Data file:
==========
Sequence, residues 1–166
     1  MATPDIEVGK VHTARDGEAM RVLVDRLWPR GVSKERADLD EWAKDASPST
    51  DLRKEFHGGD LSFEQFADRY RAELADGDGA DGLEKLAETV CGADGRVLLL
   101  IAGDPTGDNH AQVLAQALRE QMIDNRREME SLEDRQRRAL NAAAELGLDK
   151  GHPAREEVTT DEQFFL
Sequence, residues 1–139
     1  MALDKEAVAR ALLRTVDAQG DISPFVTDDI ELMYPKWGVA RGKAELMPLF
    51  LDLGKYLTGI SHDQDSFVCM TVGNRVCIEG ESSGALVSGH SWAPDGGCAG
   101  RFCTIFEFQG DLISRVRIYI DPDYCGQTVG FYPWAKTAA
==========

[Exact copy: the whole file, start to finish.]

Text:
Sequence, residues 1–166
     1  MATPDIEVGK VHTARDGEAM RVLVDRLWPR GVSKERADLD EWAKDASPST
    51  DLRKEFHGGD LSFEQFADRY RAELADGDGA DGLEKLAETV CGADGRVLLL
   101  IAGDPTGDNH AQVLAQALRE QMIDNRREME SLEDRQRRAL NAAAELGLDK
   151  GHPAREEVTT DEQFFL
Sequence, residues 1–139
     1  MALDKEAVAR ALLRTVDAQG DISPFVTDDI ELMYPKWGVA RGKAELMPLF
    51  LDLGKYLTGI SHDQDSFVCM TVGNRVCIEG ESSGALVSGH SWAPDGGCAG
   101  RFCTIFEFQG DLISRVRIYI DPDYCGQTVG FYPWAKTAA